At one point, 3 guys who would appear to be of similar ethnic background want to come into the room where Michelle was working. They are told we are closed due to a technical problem. They were friendly and understood the situation and departed quickly enough.

Some guys from the computer crime unit turn up, 3 of them. We have a good chat about what evidence I have on the guy. We look through my tcp trace, they same happy enough with what's there. They ask if I managed to sniff any other traffic, http and so forth. They're really hoping that they can get his email password, so with appropriate judicial permission (I assume) they can take a look at who has been mailing him. Yahoo are apparantly extremely uncooperative in this area. He seemed to be using a mail.com address as well. Proof that he is intending on scamming people out of money is what the gardai need. I'm not sure if it's illegal to pretend to be someone you aren't and offer a stranger money that you don't have. I'm guessing that with the tcpdump I gave them, their technicians will be able to get something out of it. I'm more interested in the contents of that USB stick.

So anyway, that's my tale. Michelle has been charged with assault (he tore off detective 1's wrist watch) and is claiming that he can't speak any English. Given the potential scale of the scamming operation, detective 1 reckoned that they'd probably end up handing the evidence over to interpol or whoever works in Quantico (that's the FBI, right?).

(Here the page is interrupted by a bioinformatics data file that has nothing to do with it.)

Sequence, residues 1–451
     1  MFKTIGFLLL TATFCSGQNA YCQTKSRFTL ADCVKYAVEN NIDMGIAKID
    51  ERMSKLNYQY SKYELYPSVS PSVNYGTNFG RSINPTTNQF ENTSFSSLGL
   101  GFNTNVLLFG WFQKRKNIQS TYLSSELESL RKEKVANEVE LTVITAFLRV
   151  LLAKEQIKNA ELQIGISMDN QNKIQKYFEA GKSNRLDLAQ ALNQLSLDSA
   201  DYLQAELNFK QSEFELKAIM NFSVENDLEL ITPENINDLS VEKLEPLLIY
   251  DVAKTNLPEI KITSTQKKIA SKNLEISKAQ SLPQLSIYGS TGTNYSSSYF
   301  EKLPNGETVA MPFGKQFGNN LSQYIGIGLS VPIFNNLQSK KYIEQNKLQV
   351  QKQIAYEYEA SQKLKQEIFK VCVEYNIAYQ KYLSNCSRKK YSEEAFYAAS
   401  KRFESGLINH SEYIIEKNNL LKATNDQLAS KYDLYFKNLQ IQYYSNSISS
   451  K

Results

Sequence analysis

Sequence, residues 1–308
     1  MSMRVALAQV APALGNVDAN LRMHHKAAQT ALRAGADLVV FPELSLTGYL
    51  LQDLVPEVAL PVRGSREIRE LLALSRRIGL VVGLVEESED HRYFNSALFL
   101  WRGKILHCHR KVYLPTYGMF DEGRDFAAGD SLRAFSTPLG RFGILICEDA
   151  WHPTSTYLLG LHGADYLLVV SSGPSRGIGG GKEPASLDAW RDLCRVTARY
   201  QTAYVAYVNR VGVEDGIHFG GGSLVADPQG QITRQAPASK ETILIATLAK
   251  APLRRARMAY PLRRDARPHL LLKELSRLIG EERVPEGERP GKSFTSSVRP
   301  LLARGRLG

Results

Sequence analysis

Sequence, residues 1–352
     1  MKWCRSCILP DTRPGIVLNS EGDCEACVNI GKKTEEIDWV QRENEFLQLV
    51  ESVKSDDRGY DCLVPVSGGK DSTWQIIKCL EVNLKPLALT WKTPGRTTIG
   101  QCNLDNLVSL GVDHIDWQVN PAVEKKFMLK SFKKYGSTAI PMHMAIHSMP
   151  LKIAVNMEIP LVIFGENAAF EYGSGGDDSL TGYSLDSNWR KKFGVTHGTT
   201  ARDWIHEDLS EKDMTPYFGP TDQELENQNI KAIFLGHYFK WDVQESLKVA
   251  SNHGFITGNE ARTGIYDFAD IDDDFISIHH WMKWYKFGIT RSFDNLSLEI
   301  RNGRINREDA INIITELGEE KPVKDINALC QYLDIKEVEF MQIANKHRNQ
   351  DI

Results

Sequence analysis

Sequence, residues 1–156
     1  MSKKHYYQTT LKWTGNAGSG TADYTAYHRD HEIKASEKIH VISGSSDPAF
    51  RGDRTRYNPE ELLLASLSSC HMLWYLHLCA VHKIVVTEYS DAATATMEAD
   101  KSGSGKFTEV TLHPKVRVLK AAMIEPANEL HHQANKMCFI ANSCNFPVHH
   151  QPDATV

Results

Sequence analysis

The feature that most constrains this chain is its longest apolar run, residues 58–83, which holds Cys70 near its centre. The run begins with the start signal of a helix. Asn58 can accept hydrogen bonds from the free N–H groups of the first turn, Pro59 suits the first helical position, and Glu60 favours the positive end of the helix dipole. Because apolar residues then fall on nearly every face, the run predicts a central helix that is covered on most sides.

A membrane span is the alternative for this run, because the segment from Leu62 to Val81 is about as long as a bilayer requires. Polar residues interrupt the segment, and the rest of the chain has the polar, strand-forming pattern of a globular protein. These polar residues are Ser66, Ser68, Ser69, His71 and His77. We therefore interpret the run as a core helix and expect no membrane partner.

What have I learned? Firstly, digging up evidence on criminals is an exciting activity. Secondly, if you're an absentee sysadmin for an Internet cafe, transperantly proxy as much traffic as you can. The logs will prove useful if you are trying to track an abuser's traffic 24 hours after they have left. I was lucky in this respect, I was proxying smtp and http to postfix and squid. The added headers in the mails makes things easier to track. Thirdly, there doesn't seem to be sufficient clarity among those employed in law enforcement concerning the legalities of spam. Hell, I don't know what the laws regarding this sort of thing are. I just know it sucks. Finally, it's a bit out there, but the gardai should forge closer links with the research community Among us, we have a whole lot of knowledge of just about every issue under the sun. We're mostly idealists, and those ideals include a spam-free Internet. And heck, we're cheap!

Hope that provided some amusement. Forward it on to anyone who is interested. Really. I want to see it on the front page of slashdot and el reg within a week. And yes it really happened.


Well, you made it onto El Reg, and deservedly so, we reckon. Good show, sir. ®